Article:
Monday, 30 August 2010

The Thin Red Line (1998)

Based on the James Jones novel of the same name, this film depicting the Marine assault on Guadalcanal in 1942 is wonderful....

Up until the last hour.

Really, while director Terrence Malick is a cinematic genius, casting himself as the wily Captain Smith was the wrong choice. Seemingly in every frame during the last half of the movie, Malick shoves aside such veteran actors as Nick Nolte and Sean Penn to occupy the center of the action.

The trend continues in the most recent DVD special edition. Malick talks on five separate commentary tracks, striking in that he literally doesn't say the name of any other person involved in the production. Twenty hours worth of press interviews are also included, in which the director goes into great detail about his early life, including a game by game description of his career as a Little League pitcher.

Malick is famous for keeping his home phone number public and inviting anyone who "wants to just shoot the breeze" to call him up at random. Sadly, at some point, the director will have to learn to let his art do the talking and stop being so publicity mad.

Monday, 23 August 2010

Auto Focus (2002)

This otherwise excellent biopic on the notorious life of Hogan's Heros star Bob Crane shows how an ending coming out of left field totally derails a movie.

Ten minutes before the final credits, after Crane has been discovered to have been beaten to death in an Arizona hotel room, director Paul Schrader moves heaven and earth to link the homicide to former public school teacher Arthur Leigh Allen (John Carroll Lynch). There are a lot of confusing references to lakes and astrology signs, as well as a lengthy monologue about an unseen "painting party" that the star supposedly attended in 1962.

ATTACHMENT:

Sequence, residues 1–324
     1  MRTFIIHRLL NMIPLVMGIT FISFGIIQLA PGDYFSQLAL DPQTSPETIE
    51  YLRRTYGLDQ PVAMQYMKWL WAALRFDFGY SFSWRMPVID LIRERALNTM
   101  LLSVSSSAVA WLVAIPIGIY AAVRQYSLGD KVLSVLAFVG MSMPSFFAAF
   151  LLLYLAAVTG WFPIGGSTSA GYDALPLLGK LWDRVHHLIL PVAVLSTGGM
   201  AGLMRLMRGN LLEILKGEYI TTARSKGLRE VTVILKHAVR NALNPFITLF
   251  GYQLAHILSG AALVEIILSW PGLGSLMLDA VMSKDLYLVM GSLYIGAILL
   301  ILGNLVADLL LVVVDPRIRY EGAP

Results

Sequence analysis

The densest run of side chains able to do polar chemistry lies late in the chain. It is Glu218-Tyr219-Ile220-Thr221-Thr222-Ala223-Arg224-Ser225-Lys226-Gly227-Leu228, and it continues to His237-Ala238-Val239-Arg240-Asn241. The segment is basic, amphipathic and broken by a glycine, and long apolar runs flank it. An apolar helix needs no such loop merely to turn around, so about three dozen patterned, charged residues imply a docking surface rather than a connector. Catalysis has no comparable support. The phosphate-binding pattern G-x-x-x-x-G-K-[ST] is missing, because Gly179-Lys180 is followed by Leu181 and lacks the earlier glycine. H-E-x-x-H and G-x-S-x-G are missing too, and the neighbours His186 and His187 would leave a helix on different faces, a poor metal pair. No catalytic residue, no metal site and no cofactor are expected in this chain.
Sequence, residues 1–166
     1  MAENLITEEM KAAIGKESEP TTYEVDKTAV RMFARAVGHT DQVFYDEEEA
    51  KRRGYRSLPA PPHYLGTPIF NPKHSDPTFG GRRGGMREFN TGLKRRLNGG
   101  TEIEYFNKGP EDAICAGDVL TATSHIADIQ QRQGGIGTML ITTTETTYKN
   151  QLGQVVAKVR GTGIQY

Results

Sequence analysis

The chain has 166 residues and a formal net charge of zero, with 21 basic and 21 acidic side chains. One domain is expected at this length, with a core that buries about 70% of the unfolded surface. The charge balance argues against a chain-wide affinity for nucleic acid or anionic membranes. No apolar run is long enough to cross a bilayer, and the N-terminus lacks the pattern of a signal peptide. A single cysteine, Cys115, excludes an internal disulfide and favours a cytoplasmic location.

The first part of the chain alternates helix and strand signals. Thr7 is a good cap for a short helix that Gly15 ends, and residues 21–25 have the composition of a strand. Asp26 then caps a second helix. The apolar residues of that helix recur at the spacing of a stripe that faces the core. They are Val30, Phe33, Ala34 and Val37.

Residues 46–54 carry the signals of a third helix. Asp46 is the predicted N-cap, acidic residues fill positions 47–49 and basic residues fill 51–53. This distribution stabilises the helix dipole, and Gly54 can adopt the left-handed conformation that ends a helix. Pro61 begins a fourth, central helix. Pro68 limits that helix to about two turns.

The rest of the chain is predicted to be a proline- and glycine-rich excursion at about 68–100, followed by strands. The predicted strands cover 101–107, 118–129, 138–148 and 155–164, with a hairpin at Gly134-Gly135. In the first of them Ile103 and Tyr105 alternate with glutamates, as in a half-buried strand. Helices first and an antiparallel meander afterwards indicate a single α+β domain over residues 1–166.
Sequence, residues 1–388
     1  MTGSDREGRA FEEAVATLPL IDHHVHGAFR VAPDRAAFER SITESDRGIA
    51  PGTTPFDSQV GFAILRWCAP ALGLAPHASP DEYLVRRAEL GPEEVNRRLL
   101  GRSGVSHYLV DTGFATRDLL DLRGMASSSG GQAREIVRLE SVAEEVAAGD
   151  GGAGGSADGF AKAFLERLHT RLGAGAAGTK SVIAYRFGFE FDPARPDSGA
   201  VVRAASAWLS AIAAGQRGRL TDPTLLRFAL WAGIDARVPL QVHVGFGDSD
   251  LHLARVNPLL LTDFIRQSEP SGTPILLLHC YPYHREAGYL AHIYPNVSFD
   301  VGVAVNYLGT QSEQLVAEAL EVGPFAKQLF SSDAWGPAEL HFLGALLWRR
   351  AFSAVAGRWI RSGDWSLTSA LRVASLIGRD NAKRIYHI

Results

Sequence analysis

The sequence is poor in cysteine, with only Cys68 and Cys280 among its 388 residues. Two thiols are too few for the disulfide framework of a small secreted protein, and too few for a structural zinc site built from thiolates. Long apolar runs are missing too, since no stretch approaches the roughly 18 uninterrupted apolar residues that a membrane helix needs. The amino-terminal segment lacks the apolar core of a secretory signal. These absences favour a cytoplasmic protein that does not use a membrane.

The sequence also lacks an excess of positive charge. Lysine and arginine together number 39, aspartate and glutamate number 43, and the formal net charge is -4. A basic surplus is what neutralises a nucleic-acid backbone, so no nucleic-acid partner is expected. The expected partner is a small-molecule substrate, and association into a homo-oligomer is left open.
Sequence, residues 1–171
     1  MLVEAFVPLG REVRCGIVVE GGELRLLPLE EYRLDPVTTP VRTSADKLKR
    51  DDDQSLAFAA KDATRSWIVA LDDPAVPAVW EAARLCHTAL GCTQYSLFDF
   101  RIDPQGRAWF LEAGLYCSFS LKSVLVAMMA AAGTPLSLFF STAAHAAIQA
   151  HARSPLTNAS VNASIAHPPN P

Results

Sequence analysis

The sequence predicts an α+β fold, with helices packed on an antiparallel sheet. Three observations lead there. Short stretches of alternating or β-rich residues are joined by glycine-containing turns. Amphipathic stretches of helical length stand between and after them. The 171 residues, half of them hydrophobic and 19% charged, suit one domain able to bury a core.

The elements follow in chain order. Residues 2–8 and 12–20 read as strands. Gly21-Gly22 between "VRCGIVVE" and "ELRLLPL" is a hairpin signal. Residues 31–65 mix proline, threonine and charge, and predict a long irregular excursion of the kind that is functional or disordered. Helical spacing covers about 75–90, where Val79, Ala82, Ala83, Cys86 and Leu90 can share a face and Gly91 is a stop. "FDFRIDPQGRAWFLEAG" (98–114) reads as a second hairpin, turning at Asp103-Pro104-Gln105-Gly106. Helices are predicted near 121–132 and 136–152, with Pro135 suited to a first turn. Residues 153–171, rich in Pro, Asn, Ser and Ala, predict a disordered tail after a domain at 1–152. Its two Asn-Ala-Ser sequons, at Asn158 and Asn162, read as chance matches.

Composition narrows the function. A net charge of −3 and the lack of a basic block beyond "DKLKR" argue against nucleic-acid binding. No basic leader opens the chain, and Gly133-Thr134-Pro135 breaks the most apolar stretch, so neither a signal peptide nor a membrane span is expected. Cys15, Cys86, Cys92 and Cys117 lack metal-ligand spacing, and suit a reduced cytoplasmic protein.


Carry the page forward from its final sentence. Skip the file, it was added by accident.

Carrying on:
Who knows? Maybe the fault lies with the source material, the biography by Robert Graysmith. Still the last bit, where the wisecracking San Francisco detective and the nerdy cartoonist brandish some strange looking watch as final proof of their theory (I couldn't bear to rewatch to get the name) is simply too much.

Monday, 16 August 2010

Salt (2010)

An adaption gone totally wrong. Somewhere, Marc Kurlansky is weeping tears of bitter frustration...

Monday, 9 August 2010

The Stand (1994)

A faithful television adaption of Stephen King's classic goes off the rails at the end with a questionable new twist.

With the fate of the last few survivors of a global superflu at stake, the miniseries ends with former rock musician Larry Underwood (Adam Storke) facing off with Satanic foe Randall Flagg (Jamey Sharidan) in Las Vegas. Only in this version, it's a fight to the death.... with dueling guitars!

In an awkward flashback, it is revealed that the pandemic was caused by Underwood selling his soul to Flagg at midnight at a Louisiana crossroads. In exchange for a (ironically brief) taste of stardom, the New Yorker signed a contract in his own blood giving the Devil "anything he desired."

Even this might have been acceptable had the producers stayed with the traditional blues motif. However, with a duel featuring songs from such late-80s pop-metal bands such as Ratt and Skid Row, every last inch of dramatic seriousness is drained from the scene.

So for all you aspiring directors out there, remember. While a little Winger might go fine at your 20th Year High School Reunion, it's probably not a good idea for your first feature.

Monday, 2 August 2010

Breach (2007)

Yet more questionable revisionism from director Billy Ray. While Robert Hanssen might have been the most dangerous Russian spy in American history, there is little proof that he ever worked directly with Julius and Ethel Rosenberg. And though the scene at the end with the pumpkin might have seemed fresh and original when written, it feels like it's been done before.